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Oh, Men! Oh, Women! (1957)

 -  Comedy  -  23 April 1957 (Sweden)
5.3
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Ratings: 5.3/10 from 106 users  
Reviews: 4 user | 5 critic

Ginger Rogers, Dan Dailey's bored housewife, seeks psychiatric help from Dr. David Niven who also solves his own emotional problems.

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Title: Oh, Men! Oh, Women! (1957)

Oh, Men! Oh, Women! (1957) on IMDb 5.3/10

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Cast

Complete credited cast:
...
Arthur Turner
...
Mildred Turner
...
Dr. Alan Coles
...
Cobbler
...
Myra Hagerman
...
Mrs. Day
Rachel Stephens ...
Miss Tacher
...
Dr. Krauss
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Storyline

Ginger Rogers, Dan Dailey's bored housewife, seeks psychiatric help from Dr. David Niven who also solves his own emotional problems.

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Taglines:

It's all about you know what . . . and you know it's wonderful! See more »

Genres:

Comedy

Certificate:

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Details

Country:

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Release Date:

23 April 1957 (Sweden)  »

Also Known As:

Oh, Men! Oh, Women!  »

Company Credits

Show detailed on  »

Technical Specs

Runtime:

| (FMC Library Print)

Sound Mix:

(Westrex Recording System)

Color:

Aspect Ratio:

2.35 : 1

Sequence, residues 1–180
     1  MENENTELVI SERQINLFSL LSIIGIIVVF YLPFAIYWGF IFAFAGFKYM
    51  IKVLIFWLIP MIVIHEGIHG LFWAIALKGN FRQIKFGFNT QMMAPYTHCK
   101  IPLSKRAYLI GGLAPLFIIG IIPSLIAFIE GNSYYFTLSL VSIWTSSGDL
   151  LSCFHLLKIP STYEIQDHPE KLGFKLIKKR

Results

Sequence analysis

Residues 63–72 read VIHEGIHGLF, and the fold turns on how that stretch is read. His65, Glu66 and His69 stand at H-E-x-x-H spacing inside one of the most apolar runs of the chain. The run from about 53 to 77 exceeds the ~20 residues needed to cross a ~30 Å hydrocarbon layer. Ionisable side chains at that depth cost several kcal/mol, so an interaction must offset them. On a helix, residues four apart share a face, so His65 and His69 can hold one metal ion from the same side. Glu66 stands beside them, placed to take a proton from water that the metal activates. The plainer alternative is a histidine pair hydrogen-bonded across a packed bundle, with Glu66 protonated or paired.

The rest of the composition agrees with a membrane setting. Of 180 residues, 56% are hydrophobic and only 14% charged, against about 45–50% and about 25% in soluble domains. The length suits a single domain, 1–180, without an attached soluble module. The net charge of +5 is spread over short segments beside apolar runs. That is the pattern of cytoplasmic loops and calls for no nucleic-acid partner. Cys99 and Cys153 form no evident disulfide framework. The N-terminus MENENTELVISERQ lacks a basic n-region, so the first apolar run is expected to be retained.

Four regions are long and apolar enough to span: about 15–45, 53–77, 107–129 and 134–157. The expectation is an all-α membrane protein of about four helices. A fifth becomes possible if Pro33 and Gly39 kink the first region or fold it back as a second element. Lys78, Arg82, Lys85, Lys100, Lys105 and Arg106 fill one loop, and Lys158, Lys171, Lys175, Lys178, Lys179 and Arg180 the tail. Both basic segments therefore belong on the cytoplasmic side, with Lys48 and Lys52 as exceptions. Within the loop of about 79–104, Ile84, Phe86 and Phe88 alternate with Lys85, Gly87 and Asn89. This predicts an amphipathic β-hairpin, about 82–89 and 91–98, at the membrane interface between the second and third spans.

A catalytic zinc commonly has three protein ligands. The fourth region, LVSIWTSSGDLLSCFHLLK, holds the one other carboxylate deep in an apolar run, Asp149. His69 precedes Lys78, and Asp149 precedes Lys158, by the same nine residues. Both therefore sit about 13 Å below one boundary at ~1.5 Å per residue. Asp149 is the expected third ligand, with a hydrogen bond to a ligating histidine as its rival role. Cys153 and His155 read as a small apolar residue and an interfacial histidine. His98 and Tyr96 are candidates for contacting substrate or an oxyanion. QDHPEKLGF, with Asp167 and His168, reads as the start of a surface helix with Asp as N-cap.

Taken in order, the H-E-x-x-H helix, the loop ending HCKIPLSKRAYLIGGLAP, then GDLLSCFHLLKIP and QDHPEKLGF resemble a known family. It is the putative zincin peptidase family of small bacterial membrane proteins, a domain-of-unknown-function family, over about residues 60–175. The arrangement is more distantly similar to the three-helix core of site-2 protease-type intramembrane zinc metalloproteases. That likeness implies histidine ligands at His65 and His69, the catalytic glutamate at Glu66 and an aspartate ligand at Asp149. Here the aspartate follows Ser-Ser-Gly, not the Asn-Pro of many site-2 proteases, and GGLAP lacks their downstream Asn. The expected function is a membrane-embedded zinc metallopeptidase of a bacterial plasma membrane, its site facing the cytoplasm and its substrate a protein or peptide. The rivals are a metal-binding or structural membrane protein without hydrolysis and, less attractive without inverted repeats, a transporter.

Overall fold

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Did You Know?

Trivia

First film of Tony Randall. See more »

Quotes

Arthur Turner: Any psychoanalyst who would take a woman for a patient should consult a psychoanalyst.
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Connections

Referenced in What's My Line?: Episode dated 17 February 1957 (1957) See more »

Frequently Asked Questions

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User Reviews

A Quiet Comedy For Patient People
12 December 2004 | by See all my reviews

This is a kind of film not made any more. It is a quiet comedy with intelligent, literate, articulate, unhappy adult humans attempting to work through their problems. Though the framework is farce, the lighting here is dark, the pace relaxed. If you have no patience for this approach don't waste your time.

But if you are tired of strident, moronic comedies about slobs or adolescents or balky zippers, this is a great opportunity to see a bunch of fine acting pro's at the top of their game. David Niven surprises with his precise physical comedy, Ginger Rogers and Dan Dailey are more thoughtful than usual, and Tony Randall thins out his baritone to be even more nerdy and creepy than usual.

There are also some sly jokes in the music track, with quotes from "Love Is A Many Splendored Thing" and Wagner's "Tristan und Isolde" underlining some of the more absurd dramatic situations. Ocean liner buffs will also cherish the final reel shot on the French Line's Liberte.

Our attitudes have changed since the 1950's about psychiatry, alcohol and stalking ex-lovers. Fine, consider the social archeology as a bonus, and learn how we've changed and how we haven't. It shouldn't stop you from smiling, or even laughing.

Highly recommended for those who don't confuse adrenalin with humor.


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